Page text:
That statement was disappointing but not unexpected. The positive side is after four months of working hard to try to do things differently, I have changed my diet. I now eat meals with a completely different attitude about food My body's organs and vital signs are the best they have ever been, and I am feeling very good about my new outlook on life. I am excited about seeing my next 90-day A1c test to see where I fit on the diabetes, pre-diabetes, no diabetes scale.
I am no long the eat-anything-my-way professional eater I was. I am now, happily, a smart, aware-of-my-diet professional eater.
60 DAYS LATER: Since I completed the above story, things are not great. I learned that everyone needs to have SOME carbohydrates and I have been trying to re-incorporate the right amount back into my diet with poor results. My blood sugar numbers are spiking to extreme levels, and my blood sugar average is 100 points higher than 60 days ago.
I'm afraid when I see the doctor at the end of this week he will put me back on insulin injections. I am seeing why people surrender and give up monitoring their blood sugar. There are everyday failures, and not a lot of successful moments. This diabetes process is frustrating and disappointing.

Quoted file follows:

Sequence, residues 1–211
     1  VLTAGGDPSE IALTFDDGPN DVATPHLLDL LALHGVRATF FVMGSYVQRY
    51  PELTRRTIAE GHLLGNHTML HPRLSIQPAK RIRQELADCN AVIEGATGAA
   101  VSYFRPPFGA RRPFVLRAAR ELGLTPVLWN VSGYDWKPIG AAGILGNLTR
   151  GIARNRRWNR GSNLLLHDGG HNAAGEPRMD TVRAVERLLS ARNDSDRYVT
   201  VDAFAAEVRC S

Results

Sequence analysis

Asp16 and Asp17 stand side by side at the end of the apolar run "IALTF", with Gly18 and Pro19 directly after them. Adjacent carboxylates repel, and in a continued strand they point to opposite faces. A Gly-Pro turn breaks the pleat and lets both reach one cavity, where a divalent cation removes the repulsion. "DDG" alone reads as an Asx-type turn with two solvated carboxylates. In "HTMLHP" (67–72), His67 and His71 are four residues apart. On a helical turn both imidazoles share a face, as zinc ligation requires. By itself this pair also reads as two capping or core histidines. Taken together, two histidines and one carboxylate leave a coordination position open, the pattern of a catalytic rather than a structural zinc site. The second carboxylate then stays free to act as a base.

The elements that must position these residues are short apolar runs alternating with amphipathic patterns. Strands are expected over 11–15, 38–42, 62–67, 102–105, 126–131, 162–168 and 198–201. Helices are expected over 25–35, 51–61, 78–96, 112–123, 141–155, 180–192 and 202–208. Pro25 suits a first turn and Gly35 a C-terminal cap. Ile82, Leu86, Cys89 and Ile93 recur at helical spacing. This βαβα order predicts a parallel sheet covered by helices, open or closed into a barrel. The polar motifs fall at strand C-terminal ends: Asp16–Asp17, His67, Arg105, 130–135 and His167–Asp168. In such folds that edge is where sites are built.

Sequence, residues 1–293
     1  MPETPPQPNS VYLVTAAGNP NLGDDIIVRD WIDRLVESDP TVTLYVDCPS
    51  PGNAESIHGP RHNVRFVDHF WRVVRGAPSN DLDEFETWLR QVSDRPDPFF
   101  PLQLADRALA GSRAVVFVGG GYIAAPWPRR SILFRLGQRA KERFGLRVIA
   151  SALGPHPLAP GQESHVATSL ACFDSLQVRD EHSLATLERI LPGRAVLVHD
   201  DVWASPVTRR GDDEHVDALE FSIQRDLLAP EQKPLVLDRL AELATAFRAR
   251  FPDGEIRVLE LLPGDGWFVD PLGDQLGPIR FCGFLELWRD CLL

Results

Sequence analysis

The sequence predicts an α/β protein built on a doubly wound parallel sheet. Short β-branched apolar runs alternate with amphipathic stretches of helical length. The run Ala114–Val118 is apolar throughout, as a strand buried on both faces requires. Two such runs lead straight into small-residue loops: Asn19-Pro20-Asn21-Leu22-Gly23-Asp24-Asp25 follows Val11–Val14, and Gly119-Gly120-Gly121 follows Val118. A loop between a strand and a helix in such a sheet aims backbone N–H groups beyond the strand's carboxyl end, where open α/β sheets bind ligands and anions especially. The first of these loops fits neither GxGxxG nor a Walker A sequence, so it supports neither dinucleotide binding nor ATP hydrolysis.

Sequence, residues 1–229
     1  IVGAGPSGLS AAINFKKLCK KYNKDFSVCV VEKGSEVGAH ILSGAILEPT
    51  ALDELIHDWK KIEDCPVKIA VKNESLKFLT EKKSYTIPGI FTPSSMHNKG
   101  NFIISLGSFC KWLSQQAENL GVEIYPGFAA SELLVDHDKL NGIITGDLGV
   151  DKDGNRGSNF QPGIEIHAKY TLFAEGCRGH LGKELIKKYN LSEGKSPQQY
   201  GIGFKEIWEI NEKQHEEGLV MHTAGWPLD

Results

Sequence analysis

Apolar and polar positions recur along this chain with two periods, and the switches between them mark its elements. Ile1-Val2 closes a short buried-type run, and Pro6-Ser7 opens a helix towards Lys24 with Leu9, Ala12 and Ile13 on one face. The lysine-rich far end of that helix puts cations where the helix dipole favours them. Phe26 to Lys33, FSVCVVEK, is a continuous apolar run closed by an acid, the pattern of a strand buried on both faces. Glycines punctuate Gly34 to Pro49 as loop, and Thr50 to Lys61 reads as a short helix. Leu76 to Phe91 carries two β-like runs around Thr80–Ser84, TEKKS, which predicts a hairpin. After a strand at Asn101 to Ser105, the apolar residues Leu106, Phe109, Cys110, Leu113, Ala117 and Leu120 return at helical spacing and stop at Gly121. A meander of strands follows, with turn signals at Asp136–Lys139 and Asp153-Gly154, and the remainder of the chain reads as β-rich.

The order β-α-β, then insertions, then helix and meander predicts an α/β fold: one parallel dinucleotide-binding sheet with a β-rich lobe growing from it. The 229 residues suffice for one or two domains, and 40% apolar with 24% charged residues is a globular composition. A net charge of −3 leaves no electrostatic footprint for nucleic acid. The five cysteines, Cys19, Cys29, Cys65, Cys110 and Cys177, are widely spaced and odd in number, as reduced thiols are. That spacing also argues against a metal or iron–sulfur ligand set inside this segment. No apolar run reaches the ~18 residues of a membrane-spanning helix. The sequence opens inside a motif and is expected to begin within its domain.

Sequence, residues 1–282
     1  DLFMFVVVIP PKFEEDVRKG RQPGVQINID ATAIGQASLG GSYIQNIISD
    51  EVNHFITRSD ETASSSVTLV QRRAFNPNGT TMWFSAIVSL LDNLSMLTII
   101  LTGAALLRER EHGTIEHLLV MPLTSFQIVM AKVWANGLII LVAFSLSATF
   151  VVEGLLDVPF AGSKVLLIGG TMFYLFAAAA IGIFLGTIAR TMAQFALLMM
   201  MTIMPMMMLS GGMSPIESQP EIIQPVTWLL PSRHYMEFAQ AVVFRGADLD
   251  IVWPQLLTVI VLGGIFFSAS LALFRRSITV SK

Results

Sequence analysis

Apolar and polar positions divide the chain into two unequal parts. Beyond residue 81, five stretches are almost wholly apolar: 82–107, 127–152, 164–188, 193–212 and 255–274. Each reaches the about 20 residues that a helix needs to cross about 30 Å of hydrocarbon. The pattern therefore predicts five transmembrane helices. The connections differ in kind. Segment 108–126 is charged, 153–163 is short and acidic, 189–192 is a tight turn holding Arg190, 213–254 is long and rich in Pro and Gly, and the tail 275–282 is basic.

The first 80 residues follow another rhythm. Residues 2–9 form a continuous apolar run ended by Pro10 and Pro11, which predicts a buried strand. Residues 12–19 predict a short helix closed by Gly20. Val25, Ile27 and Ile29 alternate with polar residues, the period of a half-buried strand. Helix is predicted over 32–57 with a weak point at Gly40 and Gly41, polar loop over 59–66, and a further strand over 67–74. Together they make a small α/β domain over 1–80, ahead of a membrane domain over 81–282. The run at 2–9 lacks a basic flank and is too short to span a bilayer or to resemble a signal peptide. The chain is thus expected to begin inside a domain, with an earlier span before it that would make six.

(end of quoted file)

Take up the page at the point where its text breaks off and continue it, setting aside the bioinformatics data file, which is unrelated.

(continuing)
There is no quitting for me though. I will be doing this BS management forever. I need to and want to do this process correctly.
In the meantime, exercise is another important factor in BS level, and so far, the one predictable way I can control my BS is by walking. It's a good thing I walk everywhere, and now I walk just to get my BS down.
Also, I am not losing weight like I was. The main issue right now is figuring out how to deal with carbs with still more advice from my Diabetes support tem:
> Good friend Erica Corbett, middle fenalee above, shrugs her shoulders and says, "I told you, you can't eat carbs, Mike and you have to build up muscle."
> Lynn Dirk, image above right, says it's not a case of no carbs or the highway (ie, walking) but knowing which carbs are good and which are bad, for example white rice vs brown rice. This strategy is part of the Ornish Lifestyle Medicine, a Medicare-approved preventive treatment for heart disease and diabetes.
One way, or the other, I'm hoping to share some good news with you in the coming months.
FOLLOW THE GLOB WEB LINKS BELOW for more information about the new epidemic of Type 2 Diabetes:
AMY APONICK HAS WRITTEN AN ARTICLE discussing diabetes and the resources available for persons with diabetes.
AMY APONICK EXPLAINS THE ROLE of meaningful blood glucose testing and diabetes self-management.